By Trudy Ring
Originally published on Advocate.com June 07 2013 6:08 PM ET
The armed forces are getting ready to implement the benefits promised to same-sex partners of military members earlier this year.
The military will begin issuing ID cards to same-sex domestic partners September 1, entitling them to joint duty assignments with their partner, transportation benefits, access to counseling and recreational programs, and a variety of other privileges, as outlined by then–Secretary of Defense Leon Panetta in February, The Washington Times reports. Also, various service branches are starting to train personnel in administration of the benefits.
When Panetta announced the benefits, he said they would be available sometime between August 31 and October 1; it now looks the date will be in the early end of that range.
Some benefits still won’t be available to same-sex military couples unless the Defense of Marriage Act is struck down by the Supreme Court or repealed by Congress. These include such prime benefits as health care and housing allowances, which are governed by laws using the terms “spouse” and “marriage,” and DOMA prevents the federal government from recognizing same-sex marriages. The Supreme Court recently heard a case challenging DOMA and is scheduled to issue its ruling this month.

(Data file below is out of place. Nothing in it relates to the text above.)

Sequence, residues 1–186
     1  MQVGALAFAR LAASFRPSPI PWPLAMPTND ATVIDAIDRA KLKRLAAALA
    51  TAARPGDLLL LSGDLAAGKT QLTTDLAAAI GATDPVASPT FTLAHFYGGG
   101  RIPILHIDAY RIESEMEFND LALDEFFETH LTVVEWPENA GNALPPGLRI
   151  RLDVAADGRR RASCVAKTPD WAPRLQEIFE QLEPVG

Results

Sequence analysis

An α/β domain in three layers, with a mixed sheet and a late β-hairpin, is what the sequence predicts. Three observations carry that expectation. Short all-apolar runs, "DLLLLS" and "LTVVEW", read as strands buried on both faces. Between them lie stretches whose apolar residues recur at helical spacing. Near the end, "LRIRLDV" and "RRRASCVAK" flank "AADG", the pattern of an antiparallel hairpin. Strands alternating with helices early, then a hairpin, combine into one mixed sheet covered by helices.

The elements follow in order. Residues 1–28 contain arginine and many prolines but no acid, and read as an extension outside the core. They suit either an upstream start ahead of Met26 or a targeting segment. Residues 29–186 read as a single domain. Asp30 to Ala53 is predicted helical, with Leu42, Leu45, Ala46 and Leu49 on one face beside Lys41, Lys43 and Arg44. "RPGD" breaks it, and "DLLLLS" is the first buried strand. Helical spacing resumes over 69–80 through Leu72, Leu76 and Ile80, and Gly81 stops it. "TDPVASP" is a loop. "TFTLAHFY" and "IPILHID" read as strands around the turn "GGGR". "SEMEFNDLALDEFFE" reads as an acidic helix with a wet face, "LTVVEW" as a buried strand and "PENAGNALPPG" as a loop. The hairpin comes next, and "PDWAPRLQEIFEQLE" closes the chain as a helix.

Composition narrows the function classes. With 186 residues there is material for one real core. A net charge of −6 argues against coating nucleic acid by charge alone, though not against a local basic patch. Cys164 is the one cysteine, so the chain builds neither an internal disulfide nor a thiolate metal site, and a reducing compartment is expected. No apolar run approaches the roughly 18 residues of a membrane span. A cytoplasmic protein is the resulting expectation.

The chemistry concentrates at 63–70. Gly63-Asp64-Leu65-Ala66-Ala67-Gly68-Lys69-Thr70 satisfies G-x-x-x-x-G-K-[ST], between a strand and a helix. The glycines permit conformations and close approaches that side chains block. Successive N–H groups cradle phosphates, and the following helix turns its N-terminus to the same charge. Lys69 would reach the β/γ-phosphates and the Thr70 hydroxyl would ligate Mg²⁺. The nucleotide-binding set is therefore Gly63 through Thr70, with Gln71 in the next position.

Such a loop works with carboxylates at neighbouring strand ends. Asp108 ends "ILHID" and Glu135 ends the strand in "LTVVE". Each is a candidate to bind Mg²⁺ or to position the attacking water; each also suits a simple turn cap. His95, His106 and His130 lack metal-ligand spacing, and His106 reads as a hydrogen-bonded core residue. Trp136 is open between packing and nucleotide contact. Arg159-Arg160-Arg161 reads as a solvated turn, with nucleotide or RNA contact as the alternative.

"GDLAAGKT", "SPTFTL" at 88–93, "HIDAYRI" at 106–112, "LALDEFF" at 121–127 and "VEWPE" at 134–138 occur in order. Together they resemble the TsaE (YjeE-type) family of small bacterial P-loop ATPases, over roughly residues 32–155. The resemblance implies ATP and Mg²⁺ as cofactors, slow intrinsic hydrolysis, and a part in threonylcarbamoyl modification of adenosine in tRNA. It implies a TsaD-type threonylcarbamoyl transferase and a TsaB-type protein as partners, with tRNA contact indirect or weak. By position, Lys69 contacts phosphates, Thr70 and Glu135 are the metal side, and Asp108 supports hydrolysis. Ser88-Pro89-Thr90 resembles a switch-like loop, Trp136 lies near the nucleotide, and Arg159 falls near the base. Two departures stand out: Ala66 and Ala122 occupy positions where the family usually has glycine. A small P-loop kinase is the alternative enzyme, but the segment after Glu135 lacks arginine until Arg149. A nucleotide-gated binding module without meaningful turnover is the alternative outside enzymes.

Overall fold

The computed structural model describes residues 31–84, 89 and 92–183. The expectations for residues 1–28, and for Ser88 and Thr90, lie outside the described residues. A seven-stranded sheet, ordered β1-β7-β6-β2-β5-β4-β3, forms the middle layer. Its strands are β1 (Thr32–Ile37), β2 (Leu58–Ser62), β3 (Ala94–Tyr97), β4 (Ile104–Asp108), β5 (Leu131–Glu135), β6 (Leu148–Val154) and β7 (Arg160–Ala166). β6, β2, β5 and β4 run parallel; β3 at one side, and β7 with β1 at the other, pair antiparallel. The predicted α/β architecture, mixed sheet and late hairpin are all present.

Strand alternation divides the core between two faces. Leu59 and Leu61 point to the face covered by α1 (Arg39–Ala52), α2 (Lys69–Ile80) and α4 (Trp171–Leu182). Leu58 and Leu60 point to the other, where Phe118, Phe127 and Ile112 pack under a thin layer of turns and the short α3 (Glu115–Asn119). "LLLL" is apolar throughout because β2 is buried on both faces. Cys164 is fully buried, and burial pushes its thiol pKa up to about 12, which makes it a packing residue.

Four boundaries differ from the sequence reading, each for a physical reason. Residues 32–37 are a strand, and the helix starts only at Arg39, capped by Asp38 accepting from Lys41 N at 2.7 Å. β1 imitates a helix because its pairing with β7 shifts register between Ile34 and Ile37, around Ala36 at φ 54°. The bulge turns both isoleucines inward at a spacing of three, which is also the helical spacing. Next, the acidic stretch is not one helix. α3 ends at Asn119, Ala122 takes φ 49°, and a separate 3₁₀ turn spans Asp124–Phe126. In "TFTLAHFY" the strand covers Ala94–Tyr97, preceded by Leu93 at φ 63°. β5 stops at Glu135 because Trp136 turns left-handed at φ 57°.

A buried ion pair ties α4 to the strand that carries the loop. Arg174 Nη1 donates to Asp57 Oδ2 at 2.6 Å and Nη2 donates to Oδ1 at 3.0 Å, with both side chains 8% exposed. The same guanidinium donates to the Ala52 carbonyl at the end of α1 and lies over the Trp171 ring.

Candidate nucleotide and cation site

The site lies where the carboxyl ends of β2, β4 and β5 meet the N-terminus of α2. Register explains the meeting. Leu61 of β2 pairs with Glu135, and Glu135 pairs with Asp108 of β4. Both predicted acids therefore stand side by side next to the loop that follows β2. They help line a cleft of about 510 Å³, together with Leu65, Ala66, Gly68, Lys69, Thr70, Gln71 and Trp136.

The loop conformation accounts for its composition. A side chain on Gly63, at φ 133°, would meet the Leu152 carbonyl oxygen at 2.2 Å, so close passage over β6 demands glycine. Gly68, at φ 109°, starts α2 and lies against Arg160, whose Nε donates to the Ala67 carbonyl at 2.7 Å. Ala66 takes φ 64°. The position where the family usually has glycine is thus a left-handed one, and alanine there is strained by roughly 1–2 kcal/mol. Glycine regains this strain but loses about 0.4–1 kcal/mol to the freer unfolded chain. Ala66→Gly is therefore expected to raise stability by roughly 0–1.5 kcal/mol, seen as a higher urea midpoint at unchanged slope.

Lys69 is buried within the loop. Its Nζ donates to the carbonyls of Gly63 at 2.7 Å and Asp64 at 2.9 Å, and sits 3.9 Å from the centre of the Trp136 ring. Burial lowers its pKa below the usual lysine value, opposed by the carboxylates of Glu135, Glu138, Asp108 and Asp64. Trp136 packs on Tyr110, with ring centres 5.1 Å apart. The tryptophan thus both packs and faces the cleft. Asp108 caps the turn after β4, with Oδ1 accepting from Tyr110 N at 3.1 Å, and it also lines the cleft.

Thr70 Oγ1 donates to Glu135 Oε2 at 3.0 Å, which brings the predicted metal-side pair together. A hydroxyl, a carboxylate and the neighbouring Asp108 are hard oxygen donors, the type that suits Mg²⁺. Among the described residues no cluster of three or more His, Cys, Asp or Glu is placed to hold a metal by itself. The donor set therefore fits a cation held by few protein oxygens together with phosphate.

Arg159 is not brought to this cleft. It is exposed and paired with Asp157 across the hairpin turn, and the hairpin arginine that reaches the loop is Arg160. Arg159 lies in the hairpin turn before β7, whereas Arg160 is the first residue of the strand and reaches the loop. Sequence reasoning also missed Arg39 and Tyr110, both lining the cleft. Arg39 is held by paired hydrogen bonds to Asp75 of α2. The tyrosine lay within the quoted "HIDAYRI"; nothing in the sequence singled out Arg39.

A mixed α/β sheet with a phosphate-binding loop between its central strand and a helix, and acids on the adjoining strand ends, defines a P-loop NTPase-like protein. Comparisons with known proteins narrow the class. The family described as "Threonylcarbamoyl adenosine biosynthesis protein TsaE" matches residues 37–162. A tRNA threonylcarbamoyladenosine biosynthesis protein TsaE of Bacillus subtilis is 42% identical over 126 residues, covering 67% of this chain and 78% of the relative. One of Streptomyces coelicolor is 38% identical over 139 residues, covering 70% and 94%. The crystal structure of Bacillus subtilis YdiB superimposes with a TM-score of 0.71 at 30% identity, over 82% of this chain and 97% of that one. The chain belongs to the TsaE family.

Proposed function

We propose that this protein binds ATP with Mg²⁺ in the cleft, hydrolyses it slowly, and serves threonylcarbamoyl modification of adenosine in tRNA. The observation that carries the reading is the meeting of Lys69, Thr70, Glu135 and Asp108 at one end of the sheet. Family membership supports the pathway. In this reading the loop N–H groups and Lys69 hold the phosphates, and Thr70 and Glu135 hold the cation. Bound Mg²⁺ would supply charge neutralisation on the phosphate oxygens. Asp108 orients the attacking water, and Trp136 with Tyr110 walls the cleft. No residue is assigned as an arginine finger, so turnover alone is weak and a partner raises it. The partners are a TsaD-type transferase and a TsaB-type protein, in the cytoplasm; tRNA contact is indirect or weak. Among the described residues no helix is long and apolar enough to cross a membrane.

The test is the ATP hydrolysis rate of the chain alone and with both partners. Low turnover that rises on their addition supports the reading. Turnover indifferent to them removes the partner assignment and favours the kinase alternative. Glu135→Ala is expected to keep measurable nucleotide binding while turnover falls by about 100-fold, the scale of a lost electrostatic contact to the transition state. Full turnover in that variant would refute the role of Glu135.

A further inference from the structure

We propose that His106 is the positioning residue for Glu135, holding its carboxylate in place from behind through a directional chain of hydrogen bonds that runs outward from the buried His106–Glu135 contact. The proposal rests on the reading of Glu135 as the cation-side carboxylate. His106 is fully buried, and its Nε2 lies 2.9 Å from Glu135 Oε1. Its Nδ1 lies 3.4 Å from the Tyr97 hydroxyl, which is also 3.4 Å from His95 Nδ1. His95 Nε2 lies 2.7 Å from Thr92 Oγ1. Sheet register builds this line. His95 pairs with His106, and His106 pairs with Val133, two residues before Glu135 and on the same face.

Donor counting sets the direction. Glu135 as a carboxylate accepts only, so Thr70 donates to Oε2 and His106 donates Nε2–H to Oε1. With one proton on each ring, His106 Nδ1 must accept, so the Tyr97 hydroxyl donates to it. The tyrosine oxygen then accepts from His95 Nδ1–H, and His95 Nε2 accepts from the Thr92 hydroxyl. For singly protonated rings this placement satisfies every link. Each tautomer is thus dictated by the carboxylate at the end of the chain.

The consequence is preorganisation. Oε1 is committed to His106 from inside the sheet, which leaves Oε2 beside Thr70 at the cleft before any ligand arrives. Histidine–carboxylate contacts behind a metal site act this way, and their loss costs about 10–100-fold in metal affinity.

“While the benefits being extended to same-sex domestic partners are important and a step in the right direction, they are not inclusive of vitally needed benefits like health care, housing allowances, and command sponsorship for overseas duty stations,” said Stephen Peters, president of the American Military Partner Association, in a statement issued today. “Some of the benefits not being extended are prohibited by the Defense of Marriage Act. If the Supreme Court does not rule in favor of same-sex marriages this month, our gay and lesbian military families will continue to suffer and sacrifice more than should be asked of them.”